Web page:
In that opinion, the Attorney General relied on the policy discussion outlined by the court in Wright v. State, 75 Ga. App. 764 (1947), wherein the court ascertained that the intent of the General Assembly in establishing a nolo contendere plea was to remedy statutorily the harshness of a guilty plea in certain instances. The court there found that “[f]ollowing the lead of other jurisdictions, including our Federal system of jurisprudence, provision was made for a plea of guilty that in the discretion of the court could be employed by defendants thus guilty of crime, which would authorize the court to impose the punishment fixed by statute as to the offense charged, without also carrying with it the objectionable and infamous provisions of law as herein outlined. As in other jurisdictions, this plea was named nolo contendere.” Id. at 766-67. The opinion also relies upon Nelson v. State, 87 Ga. App. 644 (1953), where at that time a plea of nolo contendere meant that the Department of Public Safety was without the power and authority to revoke the defendant’s driver’s license based on a plea of nolo contendere.
It appears that the nolo contendere plea is designed to protect against the consequences of a civil disability being imposed except in the specific case in which the plea is entered. The exceptions are like those previously cited statutory instances where the nolo contendere plea is specifically included as a conviction.
No exception exists in Georgia law so as to make a nolo contendere plea to a misdemeanor crime of domestic violence a “conviction” for purposes of imposing any automatic civil disability. Therefore, there is no basis provided by law to use such a plea of nolo contendere to effect any disability, including the right to possess firearms.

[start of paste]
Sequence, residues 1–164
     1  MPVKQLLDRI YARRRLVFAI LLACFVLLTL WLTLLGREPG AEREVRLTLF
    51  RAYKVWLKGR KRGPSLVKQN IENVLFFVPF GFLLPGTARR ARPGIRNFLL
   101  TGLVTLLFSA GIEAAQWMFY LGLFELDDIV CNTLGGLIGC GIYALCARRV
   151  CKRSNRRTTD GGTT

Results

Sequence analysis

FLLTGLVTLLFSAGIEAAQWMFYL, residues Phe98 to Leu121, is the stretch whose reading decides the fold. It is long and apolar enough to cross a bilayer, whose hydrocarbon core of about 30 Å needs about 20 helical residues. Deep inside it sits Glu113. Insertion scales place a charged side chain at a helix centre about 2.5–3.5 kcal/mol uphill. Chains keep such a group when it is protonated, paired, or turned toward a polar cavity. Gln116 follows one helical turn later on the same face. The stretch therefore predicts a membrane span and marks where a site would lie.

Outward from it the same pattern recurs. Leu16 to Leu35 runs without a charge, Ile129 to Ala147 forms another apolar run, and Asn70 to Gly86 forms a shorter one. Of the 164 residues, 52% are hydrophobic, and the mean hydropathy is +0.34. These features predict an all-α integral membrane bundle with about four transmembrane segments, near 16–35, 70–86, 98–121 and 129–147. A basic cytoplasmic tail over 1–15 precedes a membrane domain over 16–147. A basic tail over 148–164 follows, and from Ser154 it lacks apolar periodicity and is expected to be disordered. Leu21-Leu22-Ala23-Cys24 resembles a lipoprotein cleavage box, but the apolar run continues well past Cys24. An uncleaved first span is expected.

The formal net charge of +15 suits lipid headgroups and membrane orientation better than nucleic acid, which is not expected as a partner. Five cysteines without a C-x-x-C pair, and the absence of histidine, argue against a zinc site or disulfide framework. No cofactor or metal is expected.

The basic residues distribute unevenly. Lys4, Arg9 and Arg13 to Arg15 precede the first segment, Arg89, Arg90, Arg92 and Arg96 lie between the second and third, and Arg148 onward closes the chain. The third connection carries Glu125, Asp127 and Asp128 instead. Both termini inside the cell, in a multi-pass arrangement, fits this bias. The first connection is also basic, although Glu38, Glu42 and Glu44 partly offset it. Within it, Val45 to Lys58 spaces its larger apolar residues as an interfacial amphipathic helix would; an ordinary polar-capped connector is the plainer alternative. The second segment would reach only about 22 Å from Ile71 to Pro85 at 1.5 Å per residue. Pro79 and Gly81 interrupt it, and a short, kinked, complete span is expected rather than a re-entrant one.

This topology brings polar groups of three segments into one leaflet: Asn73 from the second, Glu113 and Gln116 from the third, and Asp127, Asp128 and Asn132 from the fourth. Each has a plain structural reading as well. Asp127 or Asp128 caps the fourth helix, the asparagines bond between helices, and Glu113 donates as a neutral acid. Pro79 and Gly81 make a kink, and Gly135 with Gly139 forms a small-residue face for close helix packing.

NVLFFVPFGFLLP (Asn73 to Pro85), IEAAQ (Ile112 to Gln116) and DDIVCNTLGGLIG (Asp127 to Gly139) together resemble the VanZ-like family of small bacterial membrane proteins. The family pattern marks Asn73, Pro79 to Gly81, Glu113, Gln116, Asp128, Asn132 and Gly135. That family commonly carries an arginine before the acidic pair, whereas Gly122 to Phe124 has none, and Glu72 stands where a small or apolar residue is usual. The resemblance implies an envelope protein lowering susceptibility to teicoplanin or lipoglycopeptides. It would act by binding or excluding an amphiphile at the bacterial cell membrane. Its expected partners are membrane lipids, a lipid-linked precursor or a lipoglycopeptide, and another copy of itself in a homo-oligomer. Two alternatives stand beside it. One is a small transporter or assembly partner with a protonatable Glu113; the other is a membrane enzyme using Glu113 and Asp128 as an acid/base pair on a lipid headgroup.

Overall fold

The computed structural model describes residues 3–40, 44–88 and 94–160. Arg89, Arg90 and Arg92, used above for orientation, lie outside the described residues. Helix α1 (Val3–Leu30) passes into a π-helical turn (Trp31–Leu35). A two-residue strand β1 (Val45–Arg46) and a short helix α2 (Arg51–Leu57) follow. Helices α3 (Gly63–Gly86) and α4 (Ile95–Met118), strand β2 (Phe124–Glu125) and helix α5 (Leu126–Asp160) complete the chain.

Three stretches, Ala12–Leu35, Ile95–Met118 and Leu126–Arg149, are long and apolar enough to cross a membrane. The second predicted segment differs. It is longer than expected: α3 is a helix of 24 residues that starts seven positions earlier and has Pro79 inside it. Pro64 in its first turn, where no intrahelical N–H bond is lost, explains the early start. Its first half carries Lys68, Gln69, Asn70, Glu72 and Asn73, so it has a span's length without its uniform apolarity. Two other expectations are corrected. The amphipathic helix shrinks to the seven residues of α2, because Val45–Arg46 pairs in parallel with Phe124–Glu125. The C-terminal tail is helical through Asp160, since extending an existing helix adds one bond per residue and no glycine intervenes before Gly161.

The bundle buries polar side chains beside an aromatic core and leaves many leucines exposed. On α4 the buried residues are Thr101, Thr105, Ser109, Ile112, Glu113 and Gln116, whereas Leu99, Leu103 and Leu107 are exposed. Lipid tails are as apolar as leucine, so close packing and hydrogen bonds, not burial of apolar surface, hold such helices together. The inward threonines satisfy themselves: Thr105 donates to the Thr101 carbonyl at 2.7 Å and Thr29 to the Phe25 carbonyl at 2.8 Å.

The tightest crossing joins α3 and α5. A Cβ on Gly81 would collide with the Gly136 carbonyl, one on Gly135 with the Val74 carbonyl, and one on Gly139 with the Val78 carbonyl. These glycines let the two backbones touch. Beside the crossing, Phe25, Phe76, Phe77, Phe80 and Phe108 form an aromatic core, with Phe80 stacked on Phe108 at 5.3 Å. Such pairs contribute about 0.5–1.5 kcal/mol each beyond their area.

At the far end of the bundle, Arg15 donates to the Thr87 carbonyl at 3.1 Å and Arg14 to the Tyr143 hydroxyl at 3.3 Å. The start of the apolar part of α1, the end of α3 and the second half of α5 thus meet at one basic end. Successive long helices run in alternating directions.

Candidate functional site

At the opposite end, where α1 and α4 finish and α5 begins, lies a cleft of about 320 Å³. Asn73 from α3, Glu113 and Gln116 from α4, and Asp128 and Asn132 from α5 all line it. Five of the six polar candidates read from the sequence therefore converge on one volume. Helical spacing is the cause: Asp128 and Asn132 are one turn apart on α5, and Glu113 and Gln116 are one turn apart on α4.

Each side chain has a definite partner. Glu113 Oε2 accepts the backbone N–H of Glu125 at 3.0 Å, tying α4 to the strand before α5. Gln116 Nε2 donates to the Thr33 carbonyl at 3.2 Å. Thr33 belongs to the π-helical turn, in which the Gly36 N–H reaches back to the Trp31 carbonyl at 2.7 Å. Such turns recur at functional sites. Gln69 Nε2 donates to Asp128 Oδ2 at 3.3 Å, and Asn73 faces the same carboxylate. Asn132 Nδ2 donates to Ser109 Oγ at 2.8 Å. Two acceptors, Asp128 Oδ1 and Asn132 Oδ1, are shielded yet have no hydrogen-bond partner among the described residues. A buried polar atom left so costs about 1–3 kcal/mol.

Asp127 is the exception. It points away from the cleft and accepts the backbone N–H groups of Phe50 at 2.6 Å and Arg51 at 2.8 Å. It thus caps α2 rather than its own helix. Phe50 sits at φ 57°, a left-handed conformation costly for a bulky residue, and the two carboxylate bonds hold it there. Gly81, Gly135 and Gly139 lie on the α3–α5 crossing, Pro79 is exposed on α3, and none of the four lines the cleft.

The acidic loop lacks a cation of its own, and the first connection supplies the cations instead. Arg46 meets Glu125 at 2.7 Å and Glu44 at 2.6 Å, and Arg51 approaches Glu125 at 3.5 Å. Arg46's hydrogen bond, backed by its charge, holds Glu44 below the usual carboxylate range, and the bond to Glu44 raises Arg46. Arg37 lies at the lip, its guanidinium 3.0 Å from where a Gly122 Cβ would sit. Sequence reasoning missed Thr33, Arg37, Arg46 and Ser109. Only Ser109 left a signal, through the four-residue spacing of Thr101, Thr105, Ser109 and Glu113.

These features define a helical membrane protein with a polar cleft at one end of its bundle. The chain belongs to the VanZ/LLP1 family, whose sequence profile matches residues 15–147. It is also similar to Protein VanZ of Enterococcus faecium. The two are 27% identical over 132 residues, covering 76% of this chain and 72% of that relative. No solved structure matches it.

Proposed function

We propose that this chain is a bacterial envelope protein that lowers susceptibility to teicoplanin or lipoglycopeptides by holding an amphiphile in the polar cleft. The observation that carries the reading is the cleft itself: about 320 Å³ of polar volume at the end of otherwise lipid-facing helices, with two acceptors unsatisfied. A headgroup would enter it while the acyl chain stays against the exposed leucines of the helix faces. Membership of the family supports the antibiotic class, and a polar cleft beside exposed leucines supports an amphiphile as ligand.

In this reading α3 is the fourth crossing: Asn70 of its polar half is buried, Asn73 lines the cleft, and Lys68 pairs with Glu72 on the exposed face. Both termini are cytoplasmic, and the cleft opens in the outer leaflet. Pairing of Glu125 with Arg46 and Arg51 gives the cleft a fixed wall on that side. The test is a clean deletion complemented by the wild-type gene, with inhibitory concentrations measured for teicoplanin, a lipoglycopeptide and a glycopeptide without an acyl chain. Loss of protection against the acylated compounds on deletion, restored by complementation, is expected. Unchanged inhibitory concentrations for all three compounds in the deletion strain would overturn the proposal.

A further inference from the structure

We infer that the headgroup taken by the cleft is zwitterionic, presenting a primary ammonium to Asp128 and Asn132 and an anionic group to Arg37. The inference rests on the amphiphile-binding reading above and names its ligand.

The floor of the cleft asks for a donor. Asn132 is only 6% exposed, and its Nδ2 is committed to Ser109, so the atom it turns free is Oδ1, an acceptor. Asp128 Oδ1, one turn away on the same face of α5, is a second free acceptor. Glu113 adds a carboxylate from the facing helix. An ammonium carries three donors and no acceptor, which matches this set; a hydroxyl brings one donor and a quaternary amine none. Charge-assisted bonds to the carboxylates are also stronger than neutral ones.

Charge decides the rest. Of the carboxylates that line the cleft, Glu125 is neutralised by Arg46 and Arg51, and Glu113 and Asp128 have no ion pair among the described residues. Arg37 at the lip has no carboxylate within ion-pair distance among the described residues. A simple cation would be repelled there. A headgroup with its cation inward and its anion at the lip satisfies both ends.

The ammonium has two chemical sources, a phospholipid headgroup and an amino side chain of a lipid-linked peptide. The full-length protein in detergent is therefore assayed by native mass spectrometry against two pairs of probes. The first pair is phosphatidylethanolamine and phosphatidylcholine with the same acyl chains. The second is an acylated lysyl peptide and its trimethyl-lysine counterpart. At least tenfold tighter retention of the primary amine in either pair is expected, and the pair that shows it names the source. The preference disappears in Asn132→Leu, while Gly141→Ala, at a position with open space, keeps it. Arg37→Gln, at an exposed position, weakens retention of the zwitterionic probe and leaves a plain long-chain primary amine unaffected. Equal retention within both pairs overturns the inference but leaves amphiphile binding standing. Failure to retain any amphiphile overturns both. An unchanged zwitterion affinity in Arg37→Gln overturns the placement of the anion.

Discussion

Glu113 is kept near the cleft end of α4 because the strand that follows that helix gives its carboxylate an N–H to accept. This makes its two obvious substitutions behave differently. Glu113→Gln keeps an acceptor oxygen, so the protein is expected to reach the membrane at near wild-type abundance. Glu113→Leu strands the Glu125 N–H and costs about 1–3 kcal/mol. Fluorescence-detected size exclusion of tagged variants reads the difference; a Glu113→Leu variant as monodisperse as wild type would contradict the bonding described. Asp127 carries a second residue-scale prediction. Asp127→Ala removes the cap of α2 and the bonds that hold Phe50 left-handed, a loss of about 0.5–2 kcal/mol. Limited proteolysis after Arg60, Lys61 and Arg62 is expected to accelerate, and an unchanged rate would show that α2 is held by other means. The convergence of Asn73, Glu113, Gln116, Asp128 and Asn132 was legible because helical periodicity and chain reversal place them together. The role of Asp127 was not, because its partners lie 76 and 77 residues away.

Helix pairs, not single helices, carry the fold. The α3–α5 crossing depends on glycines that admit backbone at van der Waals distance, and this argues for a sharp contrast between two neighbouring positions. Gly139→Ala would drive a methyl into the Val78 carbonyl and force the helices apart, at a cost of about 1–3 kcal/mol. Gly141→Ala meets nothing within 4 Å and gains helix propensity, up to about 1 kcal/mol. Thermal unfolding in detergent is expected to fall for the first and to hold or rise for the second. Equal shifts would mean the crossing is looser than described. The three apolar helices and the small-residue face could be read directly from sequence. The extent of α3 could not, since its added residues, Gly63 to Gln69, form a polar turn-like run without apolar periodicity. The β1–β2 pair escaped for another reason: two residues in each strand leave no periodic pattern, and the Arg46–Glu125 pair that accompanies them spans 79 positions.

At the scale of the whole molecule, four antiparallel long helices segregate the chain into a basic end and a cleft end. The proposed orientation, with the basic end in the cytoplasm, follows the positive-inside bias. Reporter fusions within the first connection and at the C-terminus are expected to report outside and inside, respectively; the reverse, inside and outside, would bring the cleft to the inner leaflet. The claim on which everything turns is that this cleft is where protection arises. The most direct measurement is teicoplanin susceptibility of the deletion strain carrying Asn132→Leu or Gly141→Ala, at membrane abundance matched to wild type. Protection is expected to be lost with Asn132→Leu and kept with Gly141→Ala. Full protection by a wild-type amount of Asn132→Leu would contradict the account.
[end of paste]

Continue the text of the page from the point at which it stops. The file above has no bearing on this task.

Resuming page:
In conclusion, a plea of nolo contendere in a misdemeanor crime of domestic violence does not result in a civil disability so as to take away the right to possess a firearm under the Gun Control Act of 1968, 18 U.S.C. § 921 et seq.
CAROL A. CALLAWAY
Senior Assistant Attorney General
See 1991 Op. Att’y Gen. 91-10; 1990 Op. Att’y Gen. 90-16; 1983 Op. Att’y Gen. 83-33; 1982 Op. Att’y Gen. 82-33; 1982 Op. Att’y Gen. 82-64; 1980 Op. Att’y Gen. 80-96; 1978 Op. Att’y Gen. 78-37; 1977 Op. Att’y Gen. 77-54; 1992 Op. Att’y Gen. U92-10; 1991 Op. Att’y Gen. U91-11; 1989 Op. Att’y Gen. U89-21; 1986 Op. Att’y Gen. U86-20; 1981 Op. Att’y Gen. U81-12.
As noted earlier in this opinion, a nolo contendere plea is now considered a conviction for purposes of license suspension. O.C.G.A. § 40-5-63.
There is a full discussion of pleas of nolo contendere in a law review article entitled The Effect in Georgia of a Plea of Nolo Contendere Entered in a Georgia Court, George Weaver, 13 Ga. L. Rev. 723 (1979).